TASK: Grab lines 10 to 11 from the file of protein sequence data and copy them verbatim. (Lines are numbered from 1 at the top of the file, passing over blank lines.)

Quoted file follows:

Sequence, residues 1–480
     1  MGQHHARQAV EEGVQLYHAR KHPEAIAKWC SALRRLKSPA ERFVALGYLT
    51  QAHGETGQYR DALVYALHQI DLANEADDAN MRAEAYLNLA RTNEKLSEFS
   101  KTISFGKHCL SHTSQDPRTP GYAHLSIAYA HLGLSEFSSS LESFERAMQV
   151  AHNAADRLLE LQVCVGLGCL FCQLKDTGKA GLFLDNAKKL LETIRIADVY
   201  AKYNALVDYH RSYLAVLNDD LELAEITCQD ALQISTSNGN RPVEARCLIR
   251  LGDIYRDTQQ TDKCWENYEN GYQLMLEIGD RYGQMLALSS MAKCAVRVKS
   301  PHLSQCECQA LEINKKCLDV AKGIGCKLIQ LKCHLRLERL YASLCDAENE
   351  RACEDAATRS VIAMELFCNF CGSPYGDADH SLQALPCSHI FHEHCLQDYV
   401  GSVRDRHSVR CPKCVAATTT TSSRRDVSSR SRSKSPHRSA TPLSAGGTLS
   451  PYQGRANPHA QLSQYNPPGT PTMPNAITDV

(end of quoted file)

   401  GSVRDRHSVR CPKCVAATTT TSSRRDVSSR SRSKSPHRSA TPLSAGGTLS
   451  PYQGRANPHA QLSQYNPPGT PTMPNAITDV